The Benefits of Cloud Computing For Public Safety – Part 3

Mark Fetherolf by Mark Fetherolf, InterAct
Thursday, December 06, 2012

Ironically, cloud adoption by public safety has lagged many industries for which the benefi­ts are not nearly as great. The nature of public safety applications is such that the advantages of shared systems are greater in both cost and utility.

The Benefits of Cloud Computing For Public Safety – Part 2

Mark Fetherolf by Mark Fetherolf, InterAct
Wednesday, December 05, 2012

In the SaaS model, a vendor takes responsibility for not only infrastructure, but also for all of the processes required to manage an entire application solution (patches, upgrades, backups, database management, systems tuning, performance management, etc.). Because SaaS vendors manage many customers on a small number of application instances, they can amortize infrastructure costs over many customers. In other words, the inherent savings of the cloud are compounded when many agencies share a single system.

The Benefits of Cloud Computing For Public Safety – Part 1

Mark Fetherolf by Mark Fetherolf, InterAct
Tuesday, December 04, 2012

The U.S. Federal Government has adopted a “cloud first” policy that requires agencies default to cloud-based solutions whenever a secure, reliable, cloud option exists. The National Institute of Standards and Technology (NIST) has issued a three volume Cloud Computing Technology Roadmap and initiated a standards acceleration program so that best practices from the private sector can be used for government systems immediately, without a protracted standards process.

Lessons from the South Carolina Debacle

Paul Rosenzweig by Paul Rosenzweig, The Chertoff Group
Tuesday, December 04, 2012

In October 2012 approximately 3.6 million Social Security numbers and 387,000 credit and debit card numbers belonging to South Carolina taxpayers were potentially exposed to exploitation by cyber attacks that penetrated the servers operated by the South Carolina Department of Revenue.

Is Cloud Data Encryption the Answer to Patriot Act Fears?

Jeff Gould by Jeff Gould, SafeGov.org
Friday, November 09, 2012

Nestled in the fields of Normandy near the banks of the Seine, an ultra-modern data center has just switched on thousands of servers. The center belongs to a new French cloud infrastructure provider called CloudWatt. Its stated purpose? Defeating the USA Patriot Act by placing French cloud data beyond the long arm of American authorities. For, laments Le Monde in an article announcing CloudWatt’s launch, “the supercomputers of the biggest cloud providers, such as Amazon or Google, are all located outside of France”. In particular, they are mostly located in the United States, where – according to Le Monde – the Patriot Act “allows the American government to access any data it pleases if the data is considered sensitive”.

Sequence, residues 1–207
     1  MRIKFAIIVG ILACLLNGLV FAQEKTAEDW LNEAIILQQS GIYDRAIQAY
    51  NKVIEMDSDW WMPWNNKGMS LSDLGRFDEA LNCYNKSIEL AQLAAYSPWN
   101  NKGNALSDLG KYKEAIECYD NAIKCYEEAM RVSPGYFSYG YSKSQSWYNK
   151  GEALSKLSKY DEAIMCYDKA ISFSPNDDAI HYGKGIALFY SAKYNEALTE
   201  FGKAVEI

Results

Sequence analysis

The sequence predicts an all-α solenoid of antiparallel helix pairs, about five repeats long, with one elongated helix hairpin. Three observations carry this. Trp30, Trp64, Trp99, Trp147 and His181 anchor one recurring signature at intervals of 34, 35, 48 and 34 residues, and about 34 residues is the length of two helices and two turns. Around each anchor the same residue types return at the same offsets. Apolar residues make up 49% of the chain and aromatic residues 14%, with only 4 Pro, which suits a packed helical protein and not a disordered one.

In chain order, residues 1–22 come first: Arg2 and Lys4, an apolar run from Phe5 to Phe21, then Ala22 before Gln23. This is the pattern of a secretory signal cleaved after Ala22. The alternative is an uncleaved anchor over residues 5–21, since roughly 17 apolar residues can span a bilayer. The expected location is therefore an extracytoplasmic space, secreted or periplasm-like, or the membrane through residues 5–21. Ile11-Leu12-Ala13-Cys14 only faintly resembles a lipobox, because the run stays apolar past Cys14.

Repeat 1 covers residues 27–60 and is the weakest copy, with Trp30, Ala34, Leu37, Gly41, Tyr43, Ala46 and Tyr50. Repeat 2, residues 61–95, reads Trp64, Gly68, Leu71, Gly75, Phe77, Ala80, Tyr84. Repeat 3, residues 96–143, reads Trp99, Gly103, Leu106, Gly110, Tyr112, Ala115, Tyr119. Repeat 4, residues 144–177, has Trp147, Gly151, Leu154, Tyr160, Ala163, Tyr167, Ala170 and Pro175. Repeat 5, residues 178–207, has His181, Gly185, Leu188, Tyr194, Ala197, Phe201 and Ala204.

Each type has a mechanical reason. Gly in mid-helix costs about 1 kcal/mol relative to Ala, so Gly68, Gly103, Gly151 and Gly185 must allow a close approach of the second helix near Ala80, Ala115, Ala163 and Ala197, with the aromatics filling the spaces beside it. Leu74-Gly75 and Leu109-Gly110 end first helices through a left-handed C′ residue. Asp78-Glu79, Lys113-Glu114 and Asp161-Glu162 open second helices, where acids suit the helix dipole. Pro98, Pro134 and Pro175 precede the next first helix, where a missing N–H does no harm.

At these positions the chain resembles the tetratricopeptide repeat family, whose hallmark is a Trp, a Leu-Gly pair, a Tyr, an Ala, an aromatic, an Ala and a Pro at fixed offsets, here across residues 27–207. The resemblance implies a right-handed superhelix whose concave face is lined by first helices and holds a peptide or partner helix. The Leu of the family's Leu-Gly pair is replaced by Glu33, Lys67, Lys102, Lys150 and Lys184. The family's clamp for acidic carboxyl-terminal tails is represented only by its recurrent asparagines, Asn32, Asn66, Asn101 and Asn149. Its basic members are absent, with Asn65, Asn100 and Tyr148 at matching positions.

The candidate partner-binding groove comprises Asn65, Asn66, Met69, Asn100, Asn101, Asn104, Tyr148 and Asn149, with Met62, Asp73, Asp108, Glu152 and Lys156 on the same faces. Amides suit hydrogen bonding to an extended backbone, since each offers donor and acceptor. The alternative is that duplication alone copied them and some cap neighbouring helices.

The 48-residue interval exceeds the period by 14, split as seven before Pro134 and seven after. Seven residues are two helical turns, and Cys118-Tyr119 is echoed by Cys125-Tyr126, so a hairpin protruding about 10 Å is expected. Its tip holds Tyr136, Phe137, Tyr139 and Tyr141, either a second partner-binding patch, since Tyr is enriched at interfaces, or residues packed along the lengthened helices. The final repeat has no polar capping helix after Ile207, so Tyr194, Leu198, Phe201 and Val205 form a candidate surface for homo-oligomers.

Mission to a Collaborative Cloud: America’s Next Tech Frontier

Julie Anderson by Julie Anderson, Civitas Group
Tuesday, November 06, 2012

When Neil Armstrong set foot on the moon in 1969, he famously declared it as “one small step for man, one giant leap for mankind.” But Armstrong’s moon walk was more than just a milestone in human history: it represented an accomplishment achieved through American teamwork and cooperation.

Cloud Computing for Public Sector video

Doug Miller by Doug Miller, SafeGov.org
Thursday, November 01, 2012

While most people are already familiar with the term cloud computing, our goal with this short video is to introduce some generally accepted definitions and reference points in order to provide a common framework for dialog about cloud computing.

Encryption, not restriction, is the key to safe cloud computing

Richard A. FalkenrathPaul Rosenzweig by Richard A. Falkenrath, Chertoff Group
Paul Rosenzweig, The Chertoff Group
Friday, October 05, 2012

It’s 11 p.m. Do you know where your data is? If your enterprise has transitioned to the cloud for data storage the answer almost certainly is “no.” Portions of it might be in Malaysia; other bits in Antigua. Today, governments across the globe are deeply uncomfortable with that answer -- but they don’t need to be. Just a small application of technological magic through encryption at rest can dispel concerns about data’s location.

Data Center Locations Critical to Cloud Recovery

Julie Anderson by Julie Anderson, Civitas Group
Friday, September 14, 2012

When it comes to safeguarding electronic health records, location matters. Take the case of Alberta Health Services (AHS), a Canadian government-led authority responsible for managing the electronic health records of patients across 400 medical facilities.

Cloud Service Out? Try Cloud Liability Insurance

Melvin Greer by Melvin Greer, Lockheed Martin
Tuesday, July 31, 2012

Several premier cloud computing Service Providers have suffered disruptions in the past year – affecting millions of users. There are cases where a small number of users lose the capabilities of a particular service offering while the remaining users retain full functionality. For example, some Gmail disruptions have affected only a small percentage of the user base. In other cases, outages may take out a number of customer websites that rely on those services. When Amazon Web Services' (AWS) cloud computing infrastructure experienced a brief network outage, it knocked offline popular sites such as Foursquare, Heroku, Quora, Reddit, and Netflix that rely on the underlying AWS functionality. For private cloud-based services, any disruptions at the cloud Service Provider level can be just as traumatic.